Achieving a circular economy is a multifaceted and complex challenge which requires actions from different societal constituencies. For this reason, local governments – as well as companies or citizens – cannot create it on their own; all of us have a role to play in any circular project. Pursuing stakeholder engagement is crucial to successfully design a project or intervention as it allows to develop a process which inspires individuals, groups, businesses, institutions, and others to improve how they interact. Stakeholder engagement can be defined as finding people with whom to cooperate most effectively to accomplish goals. The effect of stakeholder engagement is not limited to one project or process, as making people feel involved can generate a positive trickle-down effect leading to a higher impact in all actions.
The term stakeholders refers to individuals or groups who have an interest or concern in an organisation, project, or decision-making process. These stakeholders can be internal or external, depending on whether they are directly associated with the internal structure. Moreover, it is important to clarify that while citizens can be stakeholders in certain contexts, not all stakeholders are necessarily citizens, thus citizens engagement actions can be more targeted.
The term actor refers to individuals or entities that participate actively in a situation, process, or event. Actors can include stakeholders, but they can also encompass other participants who may not have a significant interest in the outcome. To best assess how to involve stakeholders, cities need to be aware of these distinctions as well as the different levels of involvement and interaction, ranging from lower and passive engagement to higher levels of active engagement and commitment.
CityLoops cities designed stakeholder engagement plans in the early stages of the project, detailing how to involve all relevant stakeholder groups from planning to evaluation within the demonstration actions. Benefits of stakeholder involvement range from future planning facilitation and risk minimisation to understanding and addressing criticism, as well as reducing constraints on business and increasing license to operate.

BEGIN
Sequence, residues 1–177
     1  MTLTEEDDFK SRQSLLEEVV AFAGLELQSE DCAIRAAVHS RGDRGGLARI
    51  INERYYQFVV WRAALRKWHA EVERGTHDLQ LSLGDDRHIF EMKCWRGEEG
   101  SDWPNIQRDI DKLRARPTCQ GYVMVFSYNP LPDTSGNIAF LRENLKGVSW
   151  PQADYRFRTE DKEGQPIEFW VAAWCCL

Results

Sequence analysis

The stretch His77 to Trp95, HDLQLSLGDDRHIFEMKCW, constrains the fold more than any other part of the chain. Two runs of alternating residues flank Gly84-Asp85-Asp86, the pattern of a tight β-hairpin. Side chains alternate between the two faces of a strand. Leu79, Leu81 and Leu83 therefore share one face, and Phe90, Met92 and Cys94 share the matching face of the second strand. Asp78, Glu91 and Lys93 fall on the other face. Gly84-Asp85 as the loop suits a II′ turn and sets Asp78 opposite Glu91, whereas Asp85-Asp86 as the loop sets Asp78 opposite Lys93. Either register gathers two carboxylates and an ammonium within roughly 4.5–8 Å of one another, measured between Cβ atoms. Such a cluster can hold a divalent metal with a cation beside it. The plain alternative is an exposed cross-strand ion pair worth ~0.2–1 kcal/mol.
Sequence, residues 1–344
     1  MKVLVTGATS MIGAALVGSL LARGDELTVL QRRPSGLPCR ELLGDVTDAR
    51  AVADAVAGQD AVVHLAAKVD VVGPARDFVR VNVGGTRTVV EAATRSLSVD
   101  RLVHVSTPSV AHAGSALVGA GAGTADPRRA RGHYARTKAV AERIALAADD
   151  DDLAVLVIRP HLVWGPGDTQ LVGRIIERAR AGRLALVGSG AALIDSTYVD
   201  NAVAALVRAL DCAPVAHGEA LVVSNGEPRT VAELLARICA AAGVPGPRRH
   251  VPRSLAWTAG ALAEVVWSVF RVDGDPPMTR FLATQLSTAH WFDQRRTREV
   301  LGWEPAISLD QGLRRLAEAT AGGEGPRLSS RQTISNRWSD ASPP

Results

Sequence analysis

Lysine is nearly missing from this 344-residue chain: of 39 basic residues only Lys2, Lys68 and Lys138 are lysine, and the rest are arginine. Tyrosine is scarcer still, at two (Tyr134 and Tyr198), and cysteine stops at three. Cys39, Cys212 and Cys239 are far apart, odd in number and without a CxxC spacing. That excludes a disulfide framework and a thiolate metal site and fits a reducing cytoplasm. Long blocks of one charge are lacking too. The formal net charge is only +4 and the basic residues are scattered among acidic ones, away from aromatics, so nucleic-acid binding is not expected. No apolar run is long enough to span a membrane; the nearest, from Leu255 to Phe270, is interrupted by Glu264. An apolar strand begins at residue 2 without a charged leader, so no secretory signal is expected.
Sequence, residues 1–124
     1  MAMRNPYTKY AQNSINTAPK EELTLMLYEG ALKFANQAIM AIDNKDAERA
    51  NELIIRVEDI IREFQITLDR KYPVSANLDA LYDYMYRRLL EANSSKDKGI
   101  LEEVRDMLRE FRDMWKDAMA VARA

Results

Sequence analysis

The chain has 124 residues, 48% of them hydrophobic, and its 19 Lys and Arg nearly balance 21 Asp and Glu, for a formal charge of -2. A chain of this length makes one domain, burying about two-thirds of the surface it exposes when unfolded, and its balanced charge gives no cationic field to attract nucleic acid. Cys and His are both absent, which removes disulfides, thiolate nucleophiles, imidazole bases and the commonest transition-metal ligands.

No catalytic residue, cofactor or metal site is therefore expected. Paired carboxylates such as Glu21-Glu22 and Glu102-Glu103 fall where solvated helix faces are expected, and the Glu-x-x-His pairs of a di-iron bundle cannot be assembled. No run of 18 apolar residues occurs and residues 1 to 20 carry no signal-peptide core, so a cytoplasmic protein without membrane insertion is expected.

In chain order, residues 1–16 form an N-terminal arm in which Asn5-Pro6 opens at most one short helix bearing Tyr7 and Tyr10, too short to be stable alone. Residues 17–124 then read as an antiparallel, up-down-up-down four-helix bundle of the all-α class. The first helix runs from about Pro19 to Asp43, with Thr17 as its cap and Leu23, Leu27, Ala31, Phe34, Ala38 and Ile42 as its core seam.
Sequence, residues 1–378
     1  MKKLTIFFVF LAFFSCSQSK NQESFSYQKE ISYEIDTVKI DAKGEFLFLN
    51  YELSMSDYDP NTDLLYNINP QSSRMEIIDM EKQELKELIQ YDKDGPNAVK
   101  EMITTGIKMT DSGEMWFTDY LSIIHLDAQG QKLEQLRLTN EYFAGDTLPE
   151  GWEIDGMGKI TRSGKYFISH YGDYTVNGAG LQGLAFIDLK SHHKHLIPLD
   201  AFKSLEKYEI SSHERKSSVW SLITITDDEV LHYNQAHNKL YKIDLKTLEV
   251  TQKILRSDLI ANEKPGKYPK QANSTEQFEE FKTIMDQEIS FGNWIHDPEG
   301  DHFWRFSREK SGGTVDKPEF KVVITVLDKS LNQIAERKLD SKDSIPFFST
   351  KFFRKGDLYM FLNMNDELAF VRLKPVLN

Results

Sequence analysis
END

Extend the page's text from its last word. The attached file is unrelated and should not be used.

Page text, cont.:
Stakeholder involvement activities are deemed relatively easy to implement and replicate. Planning these activities requires methodologies, both for identifying stakeholders and understanding their relationships, and for effectively integrating them in a development process. CityLoops demonstration cities have concluded the following from the development of stakeholder engagement activities:
- Stakeholder engagement activities are easily replicable, and manhours are often the biggest resource needed to execute them. It is recommended to start by joining forces with other departments, projects, and initiatives with the same ambitions for stakeholder and citizen involvement in city development.
- Stakeholders should be involved throughout the project as this increases their ownership and sense of responsibility in the process. It also facilitates sharing of insights within the stakeholders’ organisations.
- Know who your target is. Before choosing which participation instrument or method to employ, it is important to assess the characteristics of the citizens and stakeholders to be engaged as this will guide the choice, for example when deciding between digital or analogue tools.
- It is important to keep an open mind for opportunities to include actors with different levels of expertise. This could mean organisations working with knowledge and instruments relevant to a project, as well as stakeholders who have an interest in the outcome of the project, but are not participating in the construction processes or do not have any related expertise.
- Citizen involvement is great for creating political attention and boosting a project’s political and local support. Also, citizens – as potential users of the spaces that are sites to the project – can provide valuable input to address concerns on functionality, and bring to the table different competences, knowledge, and perspectives.
- Engaging stakeholders and other actors in construction projects in an early dialogue and in recurring meetings throughout the projects creates trust and helps foresee and solve problems, as well as overcome barriers as they arise.
- Different competences and knowledge brought by the different actors and stakeholders are key in handling responsibility and risk within the project. For this reason, it is highly important to retain the knowledge created as the project continues and base subsequent decisions on it.
CityLoops has used a participatory planning approach which emphasizes the involvement of all relevant stakeholder groups throughout the entire project. This approach has resulted in the creation of blueprints and a report on involving stakeholders and citizens in the planning phases of a demonstration action: